Soccer’s goal crisis
After watching yet another 0-0 draw, my excitement for the World Cup is more muted than when things kicked off a week ago. In part, it was dismal play by my home squad, England, but it’s deeper than that. Coming right off the Stanley Cup playoffs, even the drama of international competition can only somewhat backfill a gaping hole: this sport needs more goals.
Since I am a policy alternatives guy, I think I have a fix: Eliminate the offside rule.
Here’s the intuition: Going way back, different team sports have used different means of controlling the forward movement of the ball (or puck). In rugby, offensive players must always be behind the player carrying the ball; there are no forward passes. In the early days of hockey the same rule used to exist. But in hockey this led to greater emphasis on defence, and eventually the rule was changed to allow the forward pass. This swung play to the other extreme, like basketball, where there was too much offense, and eventually that led to the blue and red lines. But even just a few years ago, in search of more offence, the NHL dropped the rule that made two-line passes an offside. In other words, the sport has sought to find the right balance between offense and defence, and currently I’d say it is just about right.
In soccer, similar liberalization is needed to avert these horrible 0-0 and 1-0 games. The current rule is better than rugby; forward passes are allowed but only to the extent of the last defender, which means to offside line is in continual flux, even when play is down near the net. In my world (I’m hereby licensing FIFA to steal this idea), I would open things up by removing this rule. Doing so would not stop millionaire players from blasting the ball over the crossbar from close range (really, have you not been kicking a ball since you were 3 years old?), but it would spread out the defence, and make for a lot more attacks on the net, which means more goals. Too many goals and a blue-line type system could be implemented, but let’s hold that in reserve.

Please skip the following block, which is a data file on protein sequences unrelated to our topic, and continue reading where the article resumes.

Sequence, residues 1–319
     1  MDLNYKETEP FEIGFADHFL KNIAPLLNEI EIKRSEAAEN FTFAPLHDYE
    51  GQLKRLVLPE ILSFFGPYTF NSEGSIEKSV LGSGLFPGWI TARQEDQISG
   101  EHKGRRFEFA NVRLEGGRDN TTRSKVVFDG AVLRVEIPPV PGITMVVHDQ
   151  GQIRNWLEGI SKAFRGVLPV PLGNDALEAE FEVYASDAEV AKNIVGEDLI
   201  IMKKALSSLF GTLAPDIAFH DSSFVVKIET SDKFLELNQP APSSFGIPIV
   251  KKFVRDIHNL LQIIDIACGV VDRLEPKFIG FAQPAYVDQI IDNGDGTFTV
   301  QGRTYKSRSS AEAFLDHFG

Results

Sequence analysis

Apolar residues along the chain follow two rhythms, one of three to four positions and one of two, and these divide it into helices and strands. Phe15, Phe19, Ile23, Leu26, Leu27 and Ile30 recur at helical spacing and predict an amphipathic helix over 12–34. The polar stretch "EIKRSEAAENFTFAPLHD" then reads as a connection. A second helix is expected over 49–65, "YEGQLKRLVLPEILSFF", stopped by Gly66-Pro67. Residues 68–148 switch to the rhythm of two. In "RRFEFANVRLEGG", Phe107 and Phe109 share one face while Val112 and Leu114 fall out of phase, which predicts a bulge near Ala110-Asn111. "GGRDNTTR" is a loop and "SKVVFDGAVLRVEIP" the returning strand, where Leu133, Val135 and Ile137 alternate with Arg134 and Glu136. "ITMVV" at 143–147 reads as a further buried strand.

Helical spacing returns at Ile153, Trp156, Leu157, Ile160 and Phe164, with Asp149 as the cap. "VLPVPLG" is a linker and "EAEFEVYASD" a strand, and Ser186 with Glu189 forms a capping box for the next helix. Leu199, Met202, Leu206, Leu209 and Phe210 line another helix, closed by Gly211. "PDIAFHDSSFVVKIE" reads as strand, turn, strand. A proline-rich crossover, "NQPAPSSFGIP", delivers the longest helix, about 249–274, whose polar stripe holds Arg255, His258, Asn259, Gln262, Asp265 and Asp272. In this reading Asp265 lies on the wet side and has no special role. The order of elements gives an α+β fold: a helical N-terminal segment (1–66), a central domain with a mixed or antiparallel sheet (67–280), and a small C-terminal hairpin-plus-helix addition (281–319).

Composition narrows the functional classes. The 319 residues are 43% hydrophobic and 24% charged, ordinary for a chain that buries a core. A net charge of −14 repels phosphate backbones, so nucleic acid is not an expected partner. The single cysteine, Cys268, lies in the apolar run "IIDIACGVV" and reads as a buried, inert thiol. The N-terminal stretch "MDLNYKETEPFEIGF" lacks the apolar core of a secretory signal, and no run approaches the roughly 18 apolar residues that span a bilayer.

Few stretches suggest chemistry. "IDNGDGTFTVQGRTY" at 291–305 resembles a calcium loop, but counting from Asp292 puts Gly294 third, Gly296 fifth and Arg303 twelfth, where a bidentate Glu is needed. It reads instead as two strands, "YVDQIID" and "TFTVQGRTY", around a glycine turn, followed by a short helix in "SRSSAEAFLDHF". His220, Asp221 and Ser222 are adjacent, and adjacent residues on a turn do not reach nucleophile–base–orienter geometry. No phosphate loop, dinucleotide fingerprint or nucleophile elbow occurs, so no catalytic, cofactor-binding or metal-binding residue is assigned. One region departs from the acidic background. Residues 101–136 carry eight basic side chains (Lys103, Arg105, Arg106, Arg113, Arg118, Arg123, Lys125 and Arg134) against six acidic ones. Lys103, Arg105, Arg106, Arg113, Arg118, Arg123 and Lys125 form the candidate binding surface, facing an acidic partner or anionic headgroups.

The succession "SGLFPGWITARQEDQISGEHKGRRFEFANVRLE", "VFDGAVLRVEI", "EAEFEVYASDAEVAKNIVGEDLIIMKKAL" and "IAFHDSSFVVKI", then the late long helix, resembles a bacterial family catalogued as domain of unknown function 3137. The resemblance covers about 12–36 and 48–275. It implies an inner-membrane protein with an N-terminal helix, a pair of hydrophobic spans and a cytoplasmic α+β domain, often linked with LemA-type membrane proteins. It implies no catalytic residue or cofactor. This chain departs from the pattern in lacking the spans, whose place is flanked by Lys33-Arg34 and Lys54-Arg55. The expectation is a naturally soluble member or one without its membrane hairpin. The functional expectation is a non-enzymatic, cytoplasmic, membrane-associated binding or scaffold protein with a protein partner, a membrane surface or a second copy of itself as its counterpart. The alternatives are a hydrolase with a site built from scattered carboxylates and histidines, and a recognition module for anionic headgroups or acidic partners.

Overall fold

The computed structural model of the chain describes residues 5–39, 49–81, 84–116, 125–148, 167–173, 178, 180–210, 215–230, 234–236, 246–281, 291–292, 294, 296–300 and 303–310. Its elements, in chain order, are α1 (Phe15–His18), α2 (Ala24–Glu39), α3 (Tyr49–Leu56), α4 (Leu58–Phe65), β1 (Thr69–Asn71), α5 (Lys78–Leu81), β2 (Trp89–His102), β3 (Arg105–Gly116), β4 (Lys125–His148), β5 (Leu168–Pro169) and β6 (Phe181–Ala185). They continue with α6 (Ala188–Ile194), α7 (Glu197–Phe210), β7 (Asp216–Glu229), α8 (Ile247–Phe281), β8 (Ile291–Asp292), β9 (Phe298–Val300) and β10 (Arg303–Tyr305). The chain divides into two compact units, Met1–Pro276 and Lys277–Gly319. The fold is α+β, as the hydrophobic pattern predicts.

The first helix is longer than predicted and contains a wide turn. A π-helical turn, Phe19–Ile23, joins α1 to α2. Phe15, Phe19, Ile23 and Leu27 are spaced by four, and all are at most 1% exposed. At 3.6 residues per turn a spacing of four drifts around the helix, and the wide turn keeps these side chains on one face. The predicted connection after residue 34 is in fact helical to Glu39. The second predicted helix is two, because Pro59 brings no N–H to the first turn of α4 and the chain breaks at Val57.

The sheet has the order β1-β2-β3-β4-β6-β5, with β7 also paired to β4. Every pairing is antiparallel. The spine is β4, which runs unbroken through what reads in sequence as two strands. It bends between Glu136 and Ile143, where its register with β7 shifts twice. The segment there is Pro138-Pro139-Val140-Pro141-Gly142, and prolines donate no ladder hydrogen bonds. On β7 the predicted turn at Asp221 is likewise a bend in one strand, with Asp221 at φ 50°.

I know, I know. The fact that scoring is so rare makes each goal precious and more to celebrate. But in truth, I think fans really want to see dynamic games with big highlight reel goals. There could still be the odd no-scoring affair, just as there is in hockey, and fans would appreciate those more. But most of the time the increased action would make this game truly beautiful.